Reimagine Delinquent Property Tax Enforcement

How to Reduce Vacancy, Advance Racial Equity, and Improve Public Services

Author(s): Kim Graziani. Contributors: Tarik Abdelazim, Matthew Kreis, Danielle Lewinski

In varying degrees, vacant properties exist in virtually every community. Isolated to certain neighborhoods, they can represent the legacy of unjust race-based economic and land use decisions over decades that steered investments away from communities of color. Widespread vacant properties can represent the slow but profound economic shifts that saw industries flee major urban centers. In some communities, they are the wreckage of climate change and a warning of the new normal. If vacancy becomes systemic, it changes the character of a neighborhood, deepens racial inequities, and threatens future opportunities.

Breaking this cycle requires policymakers and community leaders to identify warning signs of further destabilization and change state and local laws and practices to stabilize neighborhoods, reverse decades of injustice, and rebuild with a strong commitment to equity, inclusion, and resilience.

Property tax delinquency is a critical element of the vacant property cycle. Vacant properties, whose owners have walked away from responsibilities like basic upkeep of the property and paying property taxes, must be swiftly transitioned to new, responsible owners. However, too many communities’ delinquent property tax enforcement laws and practices allow vacant properties to languish for years—all the while, no one is maintaining the property and it is not contributing to the local tax base. This hurts the economic conditions, safety, and health of individuals and communities.

Aside from helping address vacant properties, the property tax system can prevent future vacancy. By proactively working with residents who are experiencing hardship, governments can provide support that prevents future tax delinquency and neighborhood decline while protecting the owner’s equity and ability to build intergenerational wealth.

This publication lays a general foundation for understanding the property tax system, but specifically focuses on ways to reform the delinquent property tax enforcement process for vacant properties—those properties that pose the greatest harm to a community. There are hundreds of different, complex variations of tax systems across the country, therefore it is important to consult your local legal counsel to understand your state and local government’s laws and practices.

In general, the property tax system has six major stages:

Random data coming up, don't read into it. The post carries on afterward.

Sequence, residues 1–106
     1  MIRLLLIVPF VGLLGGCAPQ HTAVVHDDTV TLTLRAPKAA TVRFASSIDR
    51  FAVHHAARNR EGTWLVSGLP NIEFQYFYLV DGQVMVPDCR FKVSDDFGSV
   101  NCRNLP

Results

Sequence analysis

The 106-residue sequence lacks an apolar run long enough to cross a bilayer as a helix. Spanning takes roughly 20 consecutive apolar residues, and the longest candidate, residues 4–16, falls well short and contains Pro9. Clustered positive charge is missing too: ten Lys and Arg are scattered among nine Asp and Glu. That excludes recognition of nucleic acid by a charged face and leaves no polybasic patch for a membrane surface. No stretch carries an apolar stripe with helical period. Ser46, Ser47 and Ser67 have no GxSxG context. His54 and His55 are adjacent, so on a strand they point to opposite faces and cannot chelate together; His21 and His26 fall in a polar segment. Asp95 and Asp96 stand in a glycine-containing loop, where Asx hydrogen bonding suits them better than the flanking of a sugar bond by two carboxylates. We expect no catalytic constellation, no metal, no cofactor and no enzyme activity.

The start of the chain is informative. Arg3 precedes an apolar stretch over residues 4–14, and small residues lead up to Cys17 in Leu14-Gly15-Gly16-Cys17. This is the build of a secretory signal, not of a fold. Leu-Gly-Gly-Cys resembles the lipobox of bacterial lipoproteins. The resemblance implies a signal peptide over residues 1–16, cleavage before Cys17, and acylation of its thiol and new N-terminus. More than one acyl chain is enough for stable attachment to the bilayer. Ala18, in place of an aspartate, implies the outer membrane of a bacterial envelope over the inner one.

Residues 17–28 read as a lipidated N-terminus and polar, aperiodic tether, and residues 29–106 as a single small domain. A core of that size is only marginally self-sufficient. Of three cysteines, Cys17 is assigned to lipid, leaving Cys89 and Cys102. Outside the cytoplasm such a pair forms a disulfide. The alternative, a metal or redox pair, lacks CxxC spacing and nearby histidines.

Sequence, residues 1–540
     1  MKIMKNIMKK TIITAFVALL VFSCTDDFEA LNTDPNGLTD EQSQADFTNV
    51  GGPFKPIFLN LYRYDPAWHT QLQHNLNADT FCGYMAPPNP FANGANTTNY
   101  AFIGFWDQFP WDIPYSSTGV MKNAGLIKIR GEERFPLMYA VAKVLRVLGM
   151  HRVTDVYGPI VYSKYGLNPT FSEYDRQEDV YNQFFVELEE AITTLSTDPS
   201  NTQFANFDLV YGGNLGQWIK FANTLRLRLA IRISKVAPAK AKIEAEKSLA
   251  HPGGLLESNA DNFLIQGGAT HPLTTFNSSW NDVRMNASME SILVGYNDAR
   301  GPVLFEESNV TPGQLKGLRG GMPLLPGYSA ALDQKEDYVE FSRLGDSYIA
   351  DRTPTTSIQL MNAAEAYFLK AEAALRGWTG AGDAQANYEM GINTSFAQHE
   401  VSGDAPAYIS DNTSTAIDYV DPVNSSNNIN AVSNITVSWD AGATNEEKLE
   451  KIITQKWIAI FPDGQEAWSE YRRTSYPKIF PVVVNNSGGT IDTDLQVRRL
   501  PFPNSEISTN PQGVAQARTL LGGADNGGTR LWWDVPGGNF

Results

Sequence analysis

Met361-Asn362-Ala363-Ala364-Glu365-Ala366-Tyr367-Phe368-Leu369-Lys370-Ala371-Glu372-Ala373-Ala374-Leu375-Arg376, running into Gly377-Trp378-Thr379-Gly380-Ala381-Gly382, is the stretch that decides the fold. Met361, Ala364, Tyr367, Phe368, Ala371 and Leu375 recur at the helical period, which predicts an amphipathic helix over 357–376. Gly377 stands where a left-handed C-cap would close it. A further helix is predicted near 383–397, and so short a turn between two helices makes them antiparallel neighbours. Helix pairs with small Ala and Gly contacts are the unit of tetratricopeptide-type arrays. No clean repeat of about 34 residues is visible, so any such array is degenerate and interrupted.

1. Determine the value of the property
  2. Establish the rate of taxation
  3. Determine if property is subject to tax
  4. Apply applicable tax relief and determine the tax bill
  5. Collect the tax
  6. Enforce delinquent taxes

The first five stages have the greatest opportunity to prevent future vacancy and support financially insecure occupants. It is imperative communities focus on equity in these stages to prevent property loss and unintentional harm. While this publication does not focus on occupied properties, it provides some examples of supports to examine, such as:

  • Ensuring property value assessments are accurate
  • Providing homestead exemptions to owner occupants, and rebates or credits for financially insecure households to reduce property tax burden
  • Ensuring application processes for relief programs are not burdensome, providing application assistance, and driving multi-faceted public awareness campaigns
  • Offering many payment options such as monthly payments, cash payment, and payment at community locations

To break the continued cycle of vacancy and abandonment, communities must examine their delinquent property tax enforcement processes to identify where they are inequitable, ineffective, or inefficient, and doggedly pursue policy reform. Local and state governments in Maryland, New York, Missouri, and West Virginia are just a few that have pursued delinquent property tax reform and serve as informative case studies.

Recognizing comprehensive reform can take time, local governments can take steps to build momentum, such as:

  • Expediting the time frame for vacant properties first. For example, shortening the time period from delinquency to foreclosure only for vacant properties.
  • Ending tax lien sales for vacant properties and instead pursuing an in rem foreclosure action to bring the distressed property under local control.
  • Adding abatement costs to the tax bill ensuring that the costs the government incurred from mowing grass, boarding a property, removing trash, and other services are recorded as a lien against the property and added to the minimum cost private buyers must pay at tax sale.
  • Eliminating post-tax sale redemption periods will ensure the local government expends resources to move the property through foreclosure only if and after the owner fails to redeem. This also provides more certainty to private buyers at tax sale.
  • Reforming noticing provisions to ensure insurable title by providing constitutionally adequate notice and reducing the need for costly quiet title actions after tax sales.

Communities should also look both upstream and downstream of tax enforcement for additional reform opportunities, particularly as it relates to vacant properties. Other tools, such as housing and building code enforcement and land banking, are critical to prevent decline, acquire vacant properties, and responsibly return them to productive use according to community goals.

Madison Gharghoury, Development Associate and Special Assistant to the President/CEO

Published: October 2022

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